Is Scoliosis Bracing Right for Your Child?
Is Scoliosis Bracing Right for Your Child?
Scoliosis is a condition that leads to the sideways curvature of the spine. Usually, this occurs during the growth spurt right before puberty. Sometimes, pre-existing ailments such as muscular dystrophy or cerebral palsy lead to scoliosis. That being said, the cause of scoliosis in most cases is unknown.
Most instances of scoliosis are mild. And, some patients even report no painful symptoms at all. However, while this may be, if left unaddressed the curves will almost always worsen with time. Severe scoliosis is life-altering, especially when the curve reduces the amount of space within the chest. Such situations can cause the patient to experience difficulty breathing.
Doctors may give children and teens with scoliosis a brace to prevent their spinal curve from worsening. Usually, doctors prescribe braces for children and teens whose spinal curves are more than 25 degrees. This is especially so if the patient is still growing.
Firstly, your doctor will need to know if your child has reached skeletal maturity yet. In order to determine this, your doctor will use what medical experts refer to as the Risser sign. The Risser sign uses x-ray imaging to measure how much mature bone has formed in the upper rim of the pelvic space. It assesses this on a scale from 0 to 5. If your doctor determines that your child is a 5 on the Risser scale, then your doctor will not consider bracing as skeletal maturity has already been achieved.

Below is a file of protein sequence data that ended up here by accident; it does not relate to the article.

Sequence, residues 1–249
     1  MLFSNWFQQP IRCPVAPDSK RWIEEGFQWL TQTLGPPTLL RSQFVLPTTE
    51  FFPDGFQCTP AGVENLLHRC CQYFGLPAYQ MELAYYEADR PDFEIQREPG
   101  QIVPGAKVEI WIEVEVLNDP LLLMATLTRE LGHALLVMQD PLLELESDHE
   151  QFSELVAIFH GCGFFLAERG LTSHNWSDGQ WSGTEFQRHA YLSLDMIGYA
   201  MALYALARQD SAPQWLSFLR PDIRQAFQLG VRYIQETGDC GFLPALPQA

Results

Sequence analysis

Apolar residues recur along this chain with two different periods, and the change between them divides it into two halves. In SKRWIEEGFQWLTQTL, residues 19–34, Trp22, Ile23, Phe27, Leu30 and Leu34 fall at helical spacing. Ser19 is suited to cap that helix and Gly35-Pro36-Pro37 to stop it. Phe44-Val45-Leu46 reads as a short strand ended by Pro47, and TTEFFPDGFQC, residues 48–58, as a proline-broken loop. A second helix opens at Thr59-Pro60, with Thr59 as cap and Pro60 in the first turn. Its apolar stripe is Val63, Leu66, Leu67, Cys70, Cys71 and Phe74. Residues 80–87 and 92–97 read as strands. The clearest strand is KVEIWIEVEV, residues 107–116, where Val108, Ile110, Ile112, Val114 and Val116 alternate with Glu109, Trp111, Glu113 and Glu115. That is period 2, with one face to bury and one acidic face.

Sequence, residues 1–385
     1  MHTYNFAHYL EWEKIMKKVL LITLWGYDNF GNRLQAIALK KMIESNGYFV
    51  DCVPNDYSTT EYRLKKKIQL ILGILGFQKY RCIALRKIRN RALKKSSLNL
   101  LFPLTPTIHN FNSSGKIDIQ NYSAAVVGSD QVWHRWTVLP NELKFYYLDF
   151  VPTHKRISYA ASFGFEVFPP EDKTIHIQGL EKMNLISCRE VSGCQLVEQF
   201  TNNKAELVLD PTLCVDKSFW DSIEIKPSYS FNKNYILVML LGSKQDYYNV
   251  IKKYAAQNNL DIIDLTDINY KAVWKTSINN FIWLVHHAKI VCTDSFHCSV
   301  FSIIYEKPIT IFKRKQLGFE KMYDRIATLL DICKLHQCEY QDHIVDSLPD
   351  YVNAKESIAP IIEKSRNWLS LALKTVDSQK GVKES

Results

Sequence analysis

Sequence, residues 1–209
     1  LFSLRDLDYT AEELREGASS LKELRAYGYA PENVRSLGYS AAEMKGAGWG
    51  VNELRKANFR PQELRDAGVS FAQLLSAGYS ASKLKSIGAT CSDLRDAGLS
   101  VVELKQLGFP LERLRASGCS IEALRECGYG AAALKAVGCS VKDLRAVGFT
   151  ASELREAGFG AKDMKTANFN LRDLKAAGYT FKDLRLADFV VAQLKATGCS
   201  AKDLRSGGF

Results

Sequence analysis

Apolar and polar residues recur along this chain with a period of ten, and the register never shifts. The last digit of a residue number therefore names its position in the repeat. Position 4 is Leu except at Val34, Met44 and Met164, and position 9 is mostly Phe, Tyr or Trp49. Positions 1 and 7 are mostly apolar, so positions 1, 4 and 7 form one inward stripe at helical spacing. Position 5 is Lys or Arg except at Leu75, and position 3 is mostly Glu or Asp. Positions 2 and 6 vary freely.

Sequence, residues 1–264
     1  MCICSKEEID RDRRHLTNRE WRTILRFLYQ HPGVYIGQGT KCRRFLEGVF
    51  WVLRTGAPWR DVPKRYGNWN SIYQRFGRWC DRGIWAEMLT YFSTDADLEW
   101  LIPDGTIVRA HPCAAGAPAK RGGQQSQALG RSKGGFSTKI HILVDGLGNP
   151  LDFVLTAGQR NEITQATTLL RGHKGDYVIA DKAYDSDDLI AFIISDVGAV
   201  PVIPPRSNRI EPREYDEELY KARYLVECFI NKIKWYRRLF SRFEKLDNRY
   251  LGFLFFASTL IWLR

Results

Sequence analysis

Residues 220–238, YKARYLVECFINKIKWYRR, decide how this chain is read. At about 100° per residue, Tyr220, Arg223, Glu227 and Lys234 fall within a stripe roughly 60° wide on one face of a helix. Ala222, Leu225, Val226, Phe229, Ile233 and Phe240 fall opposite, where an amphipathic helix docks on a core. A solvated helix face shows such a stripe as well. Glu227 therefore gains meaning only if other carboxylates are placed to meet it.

Scoliosis Causes & Risk Factors
Doctors don’t always know what leads to scoliosis in patients. (In fact, this is what the “idiopathic” means in idiopathic scoliosis.) That being said, scoliosis often does appear to be hereditary, seeing as the disorder tends to run down family lines. Other common causes of scoliosis include:
- Spinal injuries or infections
- Birth defects involving the spine
- Neuromuscular problems, such as muscular dystrophy
These are just a few possibilities, however. There is a good chance that this list actually extends much, much longer. Although that may be the case, the above few examples can be contributing factors to the disease.
Speaking of contributing factors, the generally agreed-upon risk factors for developing scoliosis also include:
- Sex: As far as development goes, gender does not really play a role. That being said, gender does often predict whether the condition will worsen. Girls have a much higher chance of their scoliosis curves reaching the “severe” range than do boys.